Tuesday, September 10, 2013

For the sake of inclusiveness

Given that the purpose of this blog is to describe my musical experiences, I thought I should mention one I had this past weekend.

I've been a member of the Adult Music Student Forum (see link in the sidebar on this page) for some years now. I think I joined sometime around 2005 or 2006. It was founded in 1988 with the purpose of providing opportunities for adult amateurs to perform, and it certainly does that very well. The founder of the group, Matthew Harre (you can check out his website, Musical Fossils, in the sidebar as well), is a fine piano teacher; though I have obviously known about him for a long time, a series of fortuitous events led me to finally get it together and begin taking lessons from him about a year and a half ago. As I've documented a bit here, I've learned a tremendous amount from him, about the piano and music in general. His level of teaching would not be out of place in a great music conservatory.

After I'd been studying with him for about six months, he surprised me by asking me to join the board of directors of the AMSF (though he is no longer on the board, he is closely involved in a number of ways), and then I was further surprised to be appointed treasurer. So I was suddenly forced to become more involved with the group. I also suggested that my adult cello student join, so that makes me both a teacher (as a cellist) and a regular member (as a pianist). When we started planning this year's annual meeting, which is a milestone as the 25th year of the group's existence, someone made the suggestion that we organize a performance of AMSF teachers for the entertainment part of the meeting. I volunteered to play, and that is how I found myself bringing my cello to this AMSF event.

I had chosen the Largo movement of the Chopin sonata because it's both beautiful and simple to put together -- neither part is difficult. In fact, it's one of the few romantic cello sonata movements that is both high art and requires only modest ability from both players. My duo partner for this occasion was the excellent pianist Frank Conlon, who has been present on the D.C. music scene for as long as I can remember and who also has a long connection with AMSF.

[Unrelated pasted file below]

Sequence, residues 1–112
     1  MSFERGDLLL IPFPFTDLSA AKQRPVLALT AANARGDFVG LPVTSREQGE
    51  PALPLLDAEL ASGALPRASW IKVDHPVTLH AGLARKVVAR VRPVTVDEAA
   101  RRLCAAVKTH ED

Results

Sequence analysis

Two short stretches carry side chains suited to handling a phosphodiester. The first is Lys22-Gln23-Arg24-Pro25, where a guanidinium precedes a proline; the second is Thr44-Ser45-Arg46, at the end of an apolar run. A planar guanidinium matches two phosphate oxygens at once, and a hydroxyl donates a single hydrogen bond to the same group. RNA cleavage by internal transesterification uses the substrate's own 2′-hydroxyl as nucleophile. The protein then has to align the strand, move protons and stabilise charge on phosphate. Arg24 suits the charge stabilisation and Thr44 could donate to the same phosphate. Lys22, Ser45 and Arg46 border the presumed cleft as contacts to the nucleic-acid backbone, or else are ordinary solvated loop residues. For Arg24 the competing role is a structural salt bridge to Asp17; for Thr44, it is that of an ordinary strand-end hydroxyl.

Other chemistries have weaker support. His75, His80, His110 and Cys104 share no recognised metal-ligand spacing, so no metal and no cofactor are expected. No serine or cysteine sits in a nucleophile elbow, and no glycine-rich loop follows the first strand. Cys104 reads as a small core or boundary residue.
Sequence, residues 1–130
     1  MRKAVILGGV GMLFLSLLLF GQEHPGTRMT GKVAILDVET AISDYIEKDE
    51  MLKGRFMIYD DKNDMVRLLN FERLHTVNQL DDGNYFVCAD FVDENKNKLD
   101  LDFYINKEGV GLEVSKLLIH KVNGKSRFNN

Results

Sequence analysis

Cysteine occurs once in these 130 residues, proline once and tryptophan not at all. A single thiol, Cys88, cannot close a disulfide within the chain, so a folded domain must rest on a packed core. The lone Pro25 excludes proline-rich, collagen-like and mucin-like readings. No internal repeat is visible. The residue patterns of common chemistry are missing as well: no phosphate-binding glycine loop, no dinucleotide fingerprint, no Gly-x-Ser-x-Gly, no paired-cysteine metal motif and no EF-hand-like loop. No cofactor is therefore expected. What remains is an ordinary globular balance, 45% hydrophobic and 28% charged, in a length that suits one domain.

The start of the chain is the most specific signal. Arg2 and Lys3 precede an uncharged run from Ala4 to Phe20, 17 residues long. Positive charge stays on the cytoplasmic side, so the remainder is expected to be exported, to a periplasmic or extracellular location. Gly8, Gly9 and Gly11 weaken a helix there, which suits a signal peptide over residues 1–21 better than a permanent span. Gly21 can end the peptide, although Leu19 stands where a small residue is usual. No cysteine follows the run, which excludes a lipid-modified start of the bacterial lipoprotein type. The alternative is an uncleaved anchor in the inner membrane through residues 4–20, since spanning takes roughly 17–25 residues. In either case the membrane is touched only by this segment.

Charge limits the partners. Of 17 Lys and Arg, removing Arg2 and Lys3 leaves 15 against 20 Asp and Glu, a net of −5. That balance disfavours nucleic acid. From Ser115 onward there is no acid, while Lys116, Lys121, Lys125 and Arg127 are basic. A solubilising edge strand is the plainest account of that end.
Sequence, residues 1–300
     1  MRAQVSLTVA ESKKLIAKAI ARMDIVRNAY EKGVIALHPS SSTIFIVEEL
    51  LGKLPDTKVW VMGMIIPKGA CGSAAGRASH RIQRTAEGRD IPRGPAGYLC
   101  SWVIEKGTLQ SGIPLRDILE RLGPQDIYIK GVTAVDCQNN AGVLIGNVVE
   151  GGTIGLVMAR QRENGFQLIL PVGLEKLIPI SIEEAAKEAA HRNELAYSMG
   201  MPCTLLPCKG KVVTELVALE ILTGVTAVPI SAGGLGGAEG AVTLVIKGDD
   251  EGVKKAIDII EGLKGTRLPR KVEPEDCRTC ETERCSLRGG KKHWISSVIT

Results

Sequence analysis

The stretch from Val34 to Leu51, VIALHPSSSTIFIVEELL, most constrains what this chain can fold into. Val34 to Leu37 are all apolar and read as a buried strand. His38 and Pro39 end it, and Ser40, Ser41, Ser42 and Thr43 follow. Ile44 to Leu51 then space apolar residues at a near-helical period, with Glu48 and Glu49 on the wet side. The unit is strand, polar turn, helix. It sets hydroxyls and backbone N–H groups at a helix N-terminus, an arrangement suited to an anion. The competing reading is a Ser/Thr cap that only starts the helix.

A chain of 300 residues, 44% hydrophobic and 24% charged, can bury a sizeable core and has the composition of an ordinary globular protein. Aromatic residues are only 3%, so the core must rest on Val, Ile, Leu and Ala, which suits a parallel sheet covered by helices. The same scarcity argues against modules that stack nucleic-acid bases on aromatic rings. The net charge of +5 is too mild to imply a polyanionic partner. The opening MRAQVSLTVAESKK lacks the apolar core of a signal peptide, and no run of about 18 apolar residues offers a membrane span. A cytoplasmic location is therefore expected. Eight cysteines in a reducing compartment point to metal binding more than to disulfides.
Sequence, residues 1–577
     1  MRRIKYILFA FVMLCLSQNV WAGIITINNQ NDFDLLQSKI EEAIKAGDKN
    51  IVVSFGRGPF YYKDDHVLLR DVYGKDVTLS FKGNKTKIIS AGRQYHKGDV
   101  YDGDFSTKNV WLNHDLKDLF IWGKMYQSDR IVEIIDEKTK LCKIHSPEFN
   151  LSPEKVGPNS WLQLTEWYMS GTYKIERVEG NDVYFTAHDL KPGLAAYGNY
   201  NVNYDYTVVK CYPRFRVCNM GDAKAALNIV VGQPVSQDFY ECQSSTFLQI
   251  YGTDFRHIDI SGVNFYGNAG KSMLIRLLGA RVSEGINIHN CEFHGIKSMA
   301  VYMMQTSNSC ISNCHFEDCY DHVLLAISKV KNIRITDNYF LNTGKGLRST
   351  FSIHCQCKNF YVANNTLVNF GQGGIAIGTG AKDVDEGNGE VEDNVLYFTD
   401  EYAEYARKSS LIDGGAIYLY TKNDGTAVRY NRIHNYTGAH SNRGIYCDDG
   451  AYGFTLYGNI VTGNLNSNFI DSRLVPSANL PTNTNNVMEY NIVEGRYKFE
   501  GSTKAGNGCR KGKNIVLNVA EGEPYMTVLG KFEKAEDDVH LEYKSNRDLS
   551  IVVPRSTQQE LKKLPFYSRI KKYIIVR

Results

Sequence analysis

I was really pretty nervous for this because it was the first time any of these people (including my piano teacher) would hear me play the cello, and also, because we were last on the program, I had to play without warming up at all. When Frank and I rehearsed the piece last week, I recorded it and was dismayed at how bad I sounded: it was pushed and forced the entire time. But what I love about performing (as opposed to endlessly spinning one's wheels in solitude) is that this forced me to figure out what was bothering me and how to fix it. So I sat down with the music and analyzed where it needed to be gentle, where it should ebb and flow, and where the climax was.

At the event itself, there was some initial awkwardness with getting set up and putting my endpin holder on the floor (necessary because it was slippery wood), and then someone took a picture of me just before I started (I am always so insecure about how I look), but I carried on and felt good about how it went. Unfortunately, there is no recording, so you'll just have to take my word for it.

ETA: This is the picture that was taken of me as I got ready to play:

Here's a video of Daniel Gaisford, looking a little like Franz Liszt, in a tasteful performance of this piece:

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